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Today, on All Authors Blog Friday Rewind, we bring you some Recommended Reads Featured in Issue 1 of All Authors Magazine.
“Indian Summer” by William Dean Howells
One of the most charming and memorable romantic comedies in American literature, William Dean Howells's Indian Summer tells of a season in the life of Theodore Colville. Colville, just turned forty, has spent years as a successful mid-western newspaper publisher. Now he sells his business and heads for Italy, where as a young man he had dreamed of a career as an architect and fallen hopelessly in love. In Florence, Colville runs into Lina Bowen, sometime best friend of the woman who jilted him and the vivacious survivor of an unhappy marriage. He also meets her young visitor, twenty-year-old Imogene Graham—lovely, earnest to a fault, and brimming with the excitement of her first encounter with the great world.
The drama that plays out among these three gifted and well-meaning people against the backdrop of Florence, the brilliance of their repartee, and the accumulating burden of their mutual misunderstandings make for a comedy of errors that is as winning as it is wise.
"The Bagman" by Rachael Rippon
In the midst of the Second World War, Abigail is deposited at St Winifred's Orphanage for Willful, Wayward and Wicked Children. As soon as she arrives, Abigail is warned of the Bagman and what will happen if she misbehaves. But Abigail is too busy trying to escape to listen. Her estranged twin, Tabitha, is close by and Abigail has to find her before their 16th birthdays. Besides, she doesn't believe in the Bagman.
He believes in her though. Appearing when she least expects it; he asks her to play his Game. He will give her seven wishes to be used in seven days. But the Game is not as easy as Abigail supposes, and the wishes not as nice…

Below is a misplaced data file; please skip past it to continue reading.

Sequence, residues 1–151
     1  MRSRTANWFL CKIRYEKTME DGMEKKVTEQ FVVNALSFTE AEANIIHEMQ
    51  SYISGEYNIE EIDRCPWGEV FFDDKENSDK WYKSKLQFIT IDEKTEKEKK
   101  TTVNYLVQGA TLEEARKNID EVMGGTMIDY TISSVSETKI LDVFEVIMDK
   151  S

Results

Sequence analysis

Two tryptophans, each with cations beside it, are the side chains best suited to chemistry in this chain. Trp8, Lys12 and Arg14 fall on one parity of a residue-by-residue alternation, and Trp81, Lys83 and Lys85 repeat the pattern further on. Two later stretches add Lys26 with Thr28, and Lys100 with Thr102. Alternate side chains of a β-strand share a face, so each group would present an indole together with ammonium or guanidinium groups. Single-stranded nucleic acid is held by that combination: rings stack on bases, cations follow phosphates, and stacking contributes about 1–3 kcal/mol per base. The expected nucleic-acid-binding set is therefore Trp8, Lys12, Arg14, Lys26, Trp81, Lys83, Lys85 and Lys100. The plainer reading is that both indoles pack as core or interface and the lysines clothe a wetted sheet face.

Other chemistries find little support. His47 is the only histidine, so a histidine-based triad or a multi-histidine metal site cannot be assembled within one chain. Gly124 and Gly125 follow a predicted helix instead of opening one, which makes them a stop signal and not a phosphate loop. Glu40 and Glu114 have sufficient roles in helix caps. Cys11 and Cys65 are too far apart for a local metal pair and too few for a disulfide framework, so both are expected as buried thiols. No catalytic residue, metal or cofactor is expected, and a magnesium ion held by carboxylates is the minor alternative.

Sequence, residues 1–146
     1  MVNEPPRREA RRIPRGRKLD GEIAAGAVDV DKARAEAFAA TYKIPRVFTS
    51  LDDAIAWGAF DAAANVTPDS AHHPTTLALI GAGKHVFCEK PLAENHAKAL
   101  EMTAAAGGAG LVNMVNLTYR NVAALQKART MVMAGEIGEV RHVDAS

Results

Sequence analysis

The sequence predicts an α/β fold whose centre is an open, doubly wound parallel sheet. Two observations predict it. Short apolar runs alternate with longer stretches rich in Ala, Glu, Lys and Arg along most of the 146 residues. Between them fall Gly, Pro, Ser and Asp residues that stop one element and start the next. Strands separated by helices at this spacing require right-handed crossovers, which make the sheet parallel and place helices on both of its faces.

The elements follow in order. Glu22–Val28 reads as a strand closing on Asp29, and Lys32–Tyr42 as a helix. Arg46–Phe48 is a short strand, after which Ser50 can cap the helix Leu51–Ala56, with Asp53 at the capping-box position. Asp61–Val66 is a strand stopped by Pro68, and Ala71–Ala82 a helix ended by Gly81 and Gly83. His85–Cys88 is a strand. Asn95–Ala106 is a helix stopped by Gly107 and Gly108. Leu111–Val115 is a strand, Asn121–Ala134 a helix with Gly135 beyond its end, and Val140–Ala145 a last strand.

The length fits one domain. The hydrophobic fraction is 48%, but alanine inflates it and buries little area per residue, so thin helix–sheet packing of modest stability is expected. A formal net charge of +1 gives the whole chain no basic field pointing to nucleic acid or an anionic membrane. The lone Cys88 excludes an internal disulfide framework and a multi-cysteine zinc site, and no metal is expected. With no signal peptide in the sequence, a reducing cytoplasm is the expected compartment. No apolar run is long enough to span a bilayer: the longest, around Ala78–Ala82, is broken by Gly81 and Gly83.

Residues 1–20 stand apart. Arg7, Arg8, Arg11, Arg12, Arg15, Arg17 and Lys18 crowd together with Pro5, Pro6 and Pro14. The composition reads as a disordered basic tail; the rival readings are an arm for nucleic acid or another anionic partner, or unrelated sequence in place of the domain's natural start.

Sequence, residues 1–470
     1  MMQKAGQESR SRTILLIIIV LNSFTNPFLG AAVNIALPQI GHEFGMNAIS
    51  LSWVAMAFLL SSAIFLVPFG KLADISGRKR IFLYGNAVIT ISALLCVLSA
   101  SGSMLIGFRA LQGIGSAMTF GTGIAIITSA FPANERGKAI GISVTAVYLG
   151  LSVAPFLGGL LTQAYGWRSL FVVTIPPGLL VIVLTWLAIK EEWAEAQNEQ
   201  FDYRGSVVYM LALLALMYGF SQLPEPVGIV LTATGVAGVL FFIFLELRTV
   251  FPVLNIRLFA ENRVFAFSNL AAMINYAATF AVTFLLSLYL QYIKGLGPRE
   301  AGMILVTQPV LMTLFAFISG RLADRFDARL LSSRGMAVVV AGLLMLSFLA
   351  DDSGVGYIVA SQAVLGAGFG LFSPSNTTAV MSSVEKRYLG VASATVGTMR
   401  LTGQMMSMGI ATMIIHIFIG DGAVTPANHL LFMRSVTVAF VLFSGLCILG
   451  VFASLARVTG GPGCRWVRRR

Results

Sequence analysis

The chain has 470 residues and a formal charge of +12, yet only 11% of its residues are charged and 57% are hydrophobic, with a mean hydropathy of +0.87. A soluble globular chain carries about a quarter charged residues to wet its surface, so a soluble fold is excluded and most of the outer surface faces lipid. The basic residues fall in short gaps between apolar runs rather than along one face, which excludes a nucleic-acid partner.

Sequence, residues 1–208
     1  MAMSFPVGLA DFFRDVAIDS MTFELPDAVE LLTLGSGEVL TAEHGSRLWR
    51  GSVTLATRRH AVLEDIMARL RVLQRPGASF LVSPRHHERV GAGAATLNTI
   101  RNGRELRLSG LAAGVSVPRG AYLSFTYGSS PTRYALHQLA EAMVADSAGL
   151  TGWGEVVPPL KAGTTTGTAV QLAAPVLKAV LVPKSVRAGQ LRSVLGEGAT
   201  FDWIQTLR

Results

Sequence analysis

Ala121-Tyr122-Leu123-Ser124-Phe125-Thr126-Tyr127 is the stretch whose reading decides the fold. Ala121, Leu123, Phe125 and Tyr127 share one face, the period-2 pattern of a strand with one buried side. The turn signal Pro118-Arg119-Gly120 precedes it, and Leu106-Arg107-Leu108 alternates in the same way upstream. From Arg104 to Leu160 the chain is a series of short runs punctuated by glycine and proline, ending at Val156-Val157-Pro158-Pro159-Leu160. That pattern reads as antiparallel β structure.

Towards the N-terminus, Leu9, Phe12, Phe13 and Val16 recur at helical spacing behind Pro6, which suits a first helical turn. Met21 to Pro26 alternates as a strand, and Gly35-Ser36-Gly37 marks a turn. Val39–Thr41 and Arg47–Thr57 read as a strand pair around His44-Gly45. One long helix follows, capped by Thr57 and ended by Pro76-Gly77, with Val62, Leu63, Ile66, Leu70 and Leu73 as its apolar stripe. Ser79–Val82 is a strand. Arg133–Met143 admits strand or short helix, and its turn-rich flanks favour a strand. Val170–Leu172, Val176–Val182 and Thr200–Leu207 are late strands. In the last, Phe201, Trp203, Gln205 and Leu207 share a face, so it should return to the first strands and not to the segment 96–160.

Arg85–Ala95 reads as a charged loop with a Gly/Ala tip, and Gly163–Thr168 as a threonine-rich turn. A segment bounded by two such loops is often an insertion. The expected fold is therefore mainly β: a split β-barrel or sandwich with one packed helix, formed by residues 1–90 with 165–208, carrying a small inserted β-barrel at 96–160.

Soon, Abigail is getting exactly what she wished for. And the effects are catastrophic.
If you loved 'Coraline' or 'Alice in Wonderland', then you're sure to love 'The Bagman'.
“Being Richard” by Toni Allen
Being immortal has its downfalls. The recurrence of loss, the memories, and the continual need for a new identity before everyone questions why he looks so young. From the start he knew that Richard Ridley didn’t feel safe; dying in infancy, and apparently unloved. He has no intention of being Richard. But then a man turns up claiming to be from the Special Investigation Department; and he’s forced to take on Richard’s identity, or be locked up…forever. All the department wants is for him to help them find other immortals.
He is terrified at having his life controlled by others, but cannot rest until he’s discovered why Richard’s short life upsets him so much. Defying the department’s instructions he sets about investigating his history. Uncovering Richard’s past proves dangerous, even for an immortal.
“Floor Four” by A. Lopez Jr.
‘A loud bang was heard from above, scaring the boys. They shined their lights up the stairwell. The sounds of chains rattling on the floor stirred the dust above. Something or someone was up there. Doug, hiding his fear, took a couple of more steps up. Brandon and Kyle looked at him, their feet locked in place. They had no intention of going any further.’ The old, abandoned Saint Vincent Hospital is said to be haunted by the ghost of David Henry Coleman, the notorious serial killer, known as The Mangler. Coleman died on the fourth floor after being shot by police. For the three Jr. High boys, their curiosity gets the best of them as they explore the old hospital, despite ‘Old Man’ Jake’s warning. No one knew of Jake’s dark connection to the killer and the hospital. And now, on the anniversary of The Mangler’s death, a group of high school kids are planning a private party on the haunted fourth floor. Jake must keep everyone out and protect them from the true evil that lurks on Floor Four.